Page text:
- Work on one thing at a time until finished.
- Start no more new books, add no more new material to ‘Black Spring.’
- Don’t be nervous. Work calmly, joyously, recklessly on whatever is in hand.
- Work according to Program and not according to mood. Stop at the appointed time!
- When you can’t create you can work.
- Cement a little every day, rather than add new fertilizers.
- Keep human! See people, go places, drink if you feel like it.
- Don’t be a draught-horse! Work with pleasure only.
- Discard the Program when you feel like it—but go back to it next day.Concentrate. Narrow down. Exclude.
- Forget the books you want to write. Think only of the book you are writing.
- Write first and always. Painting, music, friends, cinema, all these come afterwards.
If groggy, type notes and allocate, as stimulus.
If in fine fettle, write.
Work of section in hand, following plan of section scrupulously. No intrusions, no diversions. Write to finish one section at a time, for good and all.
See friends. Read in cafés.
Explore unfamiliar sections — on foot if wet, on bicycle if dry.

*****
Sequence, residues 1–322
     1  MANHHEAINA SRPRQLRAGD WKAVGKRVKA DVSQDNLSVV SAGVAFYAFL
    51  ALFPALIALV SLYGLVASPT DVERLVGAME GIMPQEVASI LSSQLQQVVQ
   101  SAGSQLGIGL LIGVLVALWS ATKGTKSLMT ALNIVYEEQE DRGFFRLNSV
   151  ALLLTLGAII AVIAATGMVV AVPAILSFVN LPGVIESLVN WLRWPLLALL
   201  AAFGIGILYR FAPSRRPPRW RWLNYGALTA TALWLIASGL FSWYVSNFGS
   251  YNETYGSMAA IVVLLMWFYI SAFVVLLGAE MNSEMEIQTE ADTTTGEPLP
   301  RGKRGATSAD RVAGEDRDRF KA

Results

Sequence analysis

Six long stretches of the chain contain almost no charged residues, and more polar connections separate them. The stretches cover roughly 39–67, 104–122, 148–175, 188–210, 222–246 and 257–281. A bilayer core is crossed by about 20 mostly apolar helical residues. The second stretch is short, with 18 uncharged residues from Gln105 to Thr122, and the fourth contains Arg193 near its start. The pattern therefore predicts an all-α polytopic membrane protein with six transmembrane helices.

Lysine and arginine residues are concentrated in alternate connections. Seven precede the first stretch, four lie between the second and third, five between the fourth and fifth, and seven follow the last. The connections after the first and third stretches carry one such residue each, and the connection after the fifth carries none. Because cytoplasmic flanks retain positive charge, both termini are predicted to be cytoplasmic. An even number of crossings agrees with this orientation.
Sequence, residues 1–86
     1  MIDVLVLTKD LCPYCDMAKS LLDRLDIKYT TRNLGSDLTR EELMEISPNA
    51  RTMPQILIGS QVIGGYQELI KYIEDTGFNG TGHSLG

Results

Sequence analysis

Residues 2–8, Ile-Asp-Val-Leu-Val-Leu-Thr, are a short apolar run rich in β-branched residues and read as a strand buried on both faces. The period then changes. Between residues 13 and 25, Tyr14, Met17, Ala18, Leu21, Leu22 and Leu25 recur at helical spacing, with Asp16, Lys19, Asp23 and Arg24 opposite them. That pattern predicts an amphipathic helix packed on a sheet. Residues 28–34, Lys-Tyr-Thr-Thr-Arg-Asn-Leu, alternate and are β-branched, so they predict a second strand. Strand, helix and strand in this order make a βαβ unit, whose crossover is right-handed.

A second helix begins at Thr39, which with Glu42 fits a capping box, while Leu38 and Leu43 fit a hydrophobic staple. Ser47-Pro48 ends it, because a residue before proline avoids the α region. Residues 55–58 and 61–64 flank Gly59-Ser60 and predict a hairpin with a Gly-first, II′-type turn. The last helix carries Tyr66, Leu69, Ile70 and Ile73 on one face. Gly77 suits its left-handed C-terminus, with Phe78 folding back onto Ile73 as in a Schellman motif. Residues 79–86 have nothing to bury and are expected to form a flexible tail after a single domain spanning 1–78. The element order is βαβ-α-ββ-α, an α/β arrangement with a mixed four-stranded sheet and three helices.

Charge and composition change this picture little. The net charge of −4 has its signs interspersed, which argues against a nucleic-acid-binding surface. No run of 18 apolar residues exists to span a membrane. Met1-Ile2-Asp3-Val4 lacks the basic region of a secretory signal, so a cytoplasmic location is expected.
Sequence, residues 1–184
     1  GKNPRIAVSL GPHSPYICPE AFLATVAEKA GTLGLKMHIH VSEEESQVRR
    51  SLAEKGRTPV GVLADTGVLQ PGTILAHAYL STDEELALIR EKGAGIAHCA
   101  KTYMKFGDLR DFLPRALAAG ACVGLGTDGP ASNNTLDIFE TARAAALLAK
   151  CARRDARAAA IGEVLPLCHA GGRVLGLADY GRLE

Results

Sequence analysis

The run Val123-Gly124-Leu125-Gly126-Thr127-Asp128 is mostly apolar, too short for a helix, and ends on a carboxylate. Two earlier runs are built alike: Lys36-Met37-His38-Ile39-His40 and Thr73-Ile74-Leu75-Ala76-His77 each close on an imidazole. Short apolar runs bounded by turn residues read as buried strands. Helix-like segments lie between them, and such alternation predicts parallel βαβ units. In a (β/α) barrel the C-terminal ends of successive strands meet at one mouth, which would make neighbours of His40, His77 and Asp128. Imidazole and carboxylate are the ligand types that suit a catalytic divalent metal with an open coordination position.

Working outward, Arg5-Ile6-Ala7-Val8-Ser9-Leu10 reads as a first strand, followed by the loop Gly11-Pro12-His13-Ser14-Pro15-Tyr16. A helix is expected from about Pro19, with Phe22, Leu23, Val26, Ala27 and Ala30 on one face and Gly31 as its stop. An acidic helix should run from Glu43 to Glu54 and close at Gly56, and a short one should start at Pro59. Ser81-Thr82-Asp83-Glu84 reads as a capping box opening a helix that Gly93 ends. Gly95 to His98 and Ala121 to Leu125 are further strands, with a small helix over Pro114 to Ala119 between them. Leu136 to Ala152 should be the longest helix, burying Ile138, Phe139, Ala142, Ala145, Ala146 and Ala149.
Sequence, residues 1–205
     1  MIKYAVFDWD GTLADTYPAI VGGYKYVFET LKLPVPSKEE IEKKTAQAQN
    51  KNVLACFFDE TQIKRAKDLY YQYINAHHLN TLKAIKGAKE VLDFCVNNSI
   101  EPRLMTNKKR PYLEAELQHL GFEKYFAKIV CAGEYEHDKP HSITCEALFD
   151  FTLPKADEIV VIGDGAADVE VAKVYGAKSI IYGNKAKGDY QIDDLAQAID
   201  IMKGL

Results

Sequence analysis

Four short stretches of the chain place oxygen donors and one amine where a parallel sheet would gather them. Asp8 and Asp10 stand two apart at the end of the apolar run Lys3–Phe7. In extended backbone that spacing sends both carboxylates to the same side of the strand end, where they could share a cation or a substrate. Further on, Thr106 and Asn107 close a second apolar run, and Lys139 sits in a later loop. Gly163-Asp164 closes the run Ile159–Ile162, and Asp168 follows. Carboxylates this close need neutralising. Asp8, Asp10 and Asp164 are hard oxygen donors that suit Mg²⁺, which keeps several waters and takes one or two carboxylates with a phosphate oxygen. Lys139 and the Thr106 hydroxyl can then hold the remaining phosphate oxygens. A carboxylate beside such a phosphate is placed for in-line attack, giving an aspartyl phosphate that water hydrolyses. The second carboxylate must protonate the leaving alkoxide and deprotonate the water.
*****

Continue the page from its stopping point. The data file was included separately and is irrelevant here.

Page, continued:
Write, if in mood, but only on Minor program.
Paint if empty or tired.
Make Notes. Make Charts, Plans. Make corrections of MS.
Note: Allow sufficient time during daylight to make an occasional visit to museums or an occasional sketch or an occasional bike ride. Sketch in cafés and trains and streets. Cut the movies! Library for references once a week.
One final note: people always said that the reason I wanted a research job was arrogance, and the reason I would take a research job outside academia over a teaching job within it was fickleness and lack of dedication. But those are not the reasons. The reasons have to do with taste and interests, but also with the fact that cliquish teaching institutions are unsafe spaces for me particularly–tight little family-type atmospheres are just hard for me to navigate.
I am depressed, says a psychologist, and if I behaved and thought differently, I would “manage” better. I am not depressed, says a doctor who knows me in real life and sees me in action — I merely have anxiety, panic, and claustrophobia as rational reactions to a real situation. It is possible to have these afflictions without being depressed, she says. “We must turn from the inappropriate use of the disease model of emotional distress and understand that individuals’ psychological pain arises within social systems as well as within their own brains,” someone said.